As much as a large part of the directives is directed towards employers, employees are similarly duty bound to adhere to all the protocols put in place in their respective workplaces (clause 13). Section 14 of the OHSA places a general duty on employees to take reasonable care for their own health and safety and the safety of other persons. This involves reporting to the employer, or anyone so authorised, any incident which may affect their health (section 14(e) OHSA). Employees are therefore legally required to inform their employer when they exhibit common symptoms or when they’ve tested positive for COVID-19. They may even refuse to work under circumstances where they reasonably foresee a risk of exposure to COVID-19 and they may not be disciplined or dismissed for this (clauses 14.1 and 14.7, see also Van Kerken 1997 ILJ 1198). The directives further trigger the application of the Compensation for Occupational injuries and Disease Act 130 of 1993 (hereafter COIDA) by allowing compensation claims for employees who contract COVID-19 in the course of their employment (clause 6.3(v)). The concealment of a COVID-19 positive test by an employee should therefore be viewed with this legal framework in mind by an employer.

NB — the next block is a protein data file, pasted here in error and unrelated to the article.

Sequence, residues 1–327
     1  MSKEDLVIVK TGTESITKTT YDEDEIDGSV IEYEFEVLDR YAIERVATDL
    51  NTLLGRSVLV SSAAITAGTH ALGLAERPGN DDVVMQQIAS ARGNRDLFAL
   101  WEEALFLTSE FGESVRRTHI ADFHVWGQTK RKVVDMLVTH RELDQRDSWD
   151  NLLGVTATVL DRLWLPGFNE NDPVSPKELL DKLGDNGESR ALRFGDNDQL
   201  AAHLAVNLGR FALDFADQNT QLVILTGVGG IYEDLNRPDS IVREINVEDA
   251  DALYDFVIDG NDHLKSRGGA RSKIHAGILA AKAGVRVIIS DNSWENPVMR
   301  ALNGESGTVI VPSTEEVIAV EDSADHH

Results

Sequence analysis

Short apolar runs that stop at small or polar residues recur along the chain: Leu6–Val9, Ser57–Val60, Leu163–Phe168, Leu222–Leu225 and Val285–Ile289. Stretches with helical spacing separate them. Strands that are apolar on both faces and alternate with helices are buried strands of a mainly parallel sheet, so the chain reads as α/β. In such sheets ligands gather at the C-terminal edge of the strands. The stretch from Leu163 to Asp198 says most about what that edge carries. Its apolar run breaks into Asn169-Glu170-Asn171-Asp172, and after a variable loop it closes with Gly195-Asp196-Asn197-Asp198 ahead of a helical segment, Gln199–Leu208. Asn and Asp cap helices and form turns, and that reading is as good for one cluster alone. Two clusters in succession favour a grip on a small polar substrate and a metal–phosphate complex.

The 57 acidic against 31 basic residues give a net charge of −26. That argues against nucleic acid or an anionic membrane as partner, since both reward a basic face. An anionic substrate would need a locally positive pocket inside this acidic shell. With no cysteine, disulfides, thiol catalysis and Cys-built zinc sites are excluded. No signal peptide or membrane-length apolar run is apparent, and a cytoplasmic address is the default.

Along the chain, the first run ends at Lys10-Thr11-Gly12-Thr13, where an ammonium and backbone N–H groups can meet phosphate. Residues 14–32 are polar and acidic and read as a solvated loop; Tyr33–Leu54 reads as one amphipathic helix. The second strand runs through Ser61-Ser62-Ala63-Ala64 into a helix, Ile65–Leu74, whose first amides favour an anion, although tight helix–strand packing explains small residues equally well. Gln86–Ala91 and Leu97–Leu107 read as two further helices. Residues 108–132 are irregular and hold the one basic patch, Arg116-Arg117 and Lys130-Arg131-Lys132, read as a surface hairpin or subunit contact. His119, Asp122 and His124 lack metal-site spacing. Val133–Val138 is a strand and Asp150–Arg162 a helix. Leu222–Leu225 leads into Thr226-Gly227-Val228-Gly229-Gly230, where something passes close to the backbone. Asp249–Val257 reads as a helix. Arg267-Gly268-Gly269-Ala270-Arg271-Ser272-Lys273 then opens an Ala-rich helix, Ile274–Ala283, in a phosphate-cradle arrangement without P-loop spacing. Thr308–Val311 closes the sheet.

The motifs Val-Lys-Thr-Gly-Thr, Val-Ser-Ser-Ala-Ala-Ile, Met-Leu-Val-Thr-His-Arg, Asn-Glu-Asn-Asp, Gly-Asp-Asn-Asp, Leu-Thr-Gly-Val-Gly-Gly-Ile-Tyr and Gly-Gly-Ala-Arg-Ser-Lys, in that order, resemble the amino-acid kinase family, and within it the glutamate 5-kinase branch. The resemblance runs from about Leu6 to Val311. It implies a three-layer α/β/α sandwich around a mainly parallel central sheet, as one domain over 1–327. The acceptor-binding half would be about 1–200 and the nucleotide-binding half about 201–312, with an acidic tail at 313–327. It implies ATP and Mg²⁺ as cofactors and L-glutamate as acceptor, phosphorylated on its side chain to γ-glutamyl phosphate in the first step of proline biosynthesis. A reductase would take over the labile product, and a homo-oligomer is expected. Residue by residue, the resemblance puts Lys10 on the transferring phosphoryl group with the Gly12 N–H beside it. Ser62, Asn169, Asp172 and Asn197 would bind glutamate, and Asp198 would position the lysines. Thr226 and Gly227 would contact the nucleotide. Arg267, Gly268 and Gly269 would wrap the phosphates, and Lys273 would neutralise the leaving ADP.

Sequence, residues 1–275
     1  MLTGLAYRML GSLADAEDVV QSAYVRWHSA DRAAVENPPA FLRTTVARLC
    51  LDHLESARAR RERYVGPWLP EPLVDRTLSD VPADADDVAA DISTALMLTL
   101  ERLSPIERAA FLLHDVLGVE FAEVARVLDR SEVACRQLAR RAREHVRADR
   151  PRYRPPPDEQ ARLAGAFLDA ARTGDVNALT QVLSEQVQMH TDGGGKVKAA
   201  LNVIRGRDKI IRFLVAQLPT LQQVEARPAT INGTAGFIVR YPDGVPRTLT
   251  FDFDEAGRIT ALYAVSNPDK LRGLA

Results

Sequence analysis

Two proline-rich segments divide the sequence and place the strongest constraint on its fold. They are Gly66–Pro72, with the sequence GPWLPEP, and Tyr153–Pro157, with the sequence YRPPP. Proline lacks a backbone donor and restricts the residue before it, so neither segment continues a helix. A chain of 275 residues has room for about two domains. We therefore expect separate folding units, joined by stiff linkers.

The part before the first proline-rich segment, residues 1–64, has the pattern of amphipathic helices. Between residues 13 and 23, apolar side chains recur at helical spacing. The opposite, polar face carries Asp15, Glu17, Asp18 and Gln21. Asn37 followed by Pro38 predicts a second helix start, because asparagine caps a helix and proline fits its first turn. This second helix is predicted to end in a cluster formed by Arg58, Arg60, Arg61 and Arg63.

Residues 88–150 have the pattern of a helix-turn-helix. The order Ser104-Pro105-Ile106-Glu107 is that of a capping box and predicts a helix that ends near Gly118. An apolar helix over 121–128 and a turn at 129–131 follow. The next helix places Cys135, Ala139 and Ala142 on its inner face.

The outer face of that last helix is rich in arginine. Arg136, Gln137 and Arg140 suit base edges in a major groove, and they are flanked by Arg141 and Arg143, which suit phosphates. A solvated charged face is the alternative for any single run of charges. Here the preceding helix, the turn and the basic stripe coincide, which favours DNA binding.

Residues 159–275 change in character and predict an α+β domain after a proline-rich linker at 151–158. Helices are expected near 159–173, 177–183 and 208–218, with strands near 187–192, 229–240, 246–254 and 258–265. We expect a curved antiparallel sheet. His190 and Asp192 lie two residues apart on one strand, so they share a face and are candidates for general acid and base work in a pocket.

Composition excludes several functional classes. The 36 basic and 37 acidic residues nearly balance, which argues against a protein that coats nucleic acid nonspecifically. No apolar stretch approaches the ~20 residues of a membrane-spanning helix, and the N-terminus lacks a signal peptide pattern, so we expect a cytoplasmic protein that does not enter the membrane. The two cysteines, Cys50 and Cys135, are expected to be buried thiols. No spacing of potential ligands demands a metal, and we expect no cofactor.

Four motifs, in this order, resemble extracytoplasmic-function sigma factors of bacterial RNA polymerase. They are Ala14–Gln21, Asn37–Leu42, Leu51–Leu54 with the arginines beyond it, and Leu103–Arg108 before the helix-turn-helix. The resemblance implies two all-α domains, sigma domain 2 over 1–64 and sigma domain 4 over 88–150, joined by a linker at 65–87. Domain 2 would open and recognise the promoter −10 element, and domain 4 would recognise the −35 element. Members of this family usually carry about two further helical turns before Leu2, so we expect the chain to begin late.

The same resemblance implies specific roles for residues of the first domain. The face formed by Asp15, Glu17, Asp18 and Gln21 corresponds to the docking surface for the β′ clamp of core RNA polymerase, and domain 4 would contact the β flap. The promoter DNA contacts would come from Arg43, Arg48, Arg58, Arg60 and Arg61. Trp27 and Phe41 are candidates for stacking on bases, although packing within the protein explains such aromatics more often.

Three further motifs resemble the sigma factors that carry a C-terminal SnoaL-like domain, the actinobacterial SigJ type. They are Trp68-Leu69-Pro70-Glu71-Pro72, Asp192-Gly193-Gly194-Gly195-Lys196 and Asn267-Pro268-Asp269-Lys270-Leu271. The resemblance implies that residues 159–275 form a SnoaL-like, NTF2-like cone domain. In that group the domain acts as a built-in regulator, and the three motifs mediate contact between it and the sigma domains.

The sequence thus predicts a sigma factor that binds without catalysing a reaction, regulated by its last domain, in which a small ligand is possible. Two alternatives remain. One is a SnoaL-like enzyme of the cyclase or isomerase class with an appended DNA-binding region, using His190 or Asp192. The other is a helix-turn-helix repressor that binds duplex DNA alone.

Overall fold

On the 11th June 2021 the minister of Labour and Employment published directives under Notice R.499 in Government Gazette No. 44700. These directives restate the contents of the October 2020 directives. An important addition however is that they provide guidance to employers who want to make vaccination of their employees mandatory (clause 3(1)(b) and Annexure C of the directive). Employees screening; COVID-19 testing and mandatory vaccination are discussed in the following part.

4 3 Screening and testing and vaccination at the workplace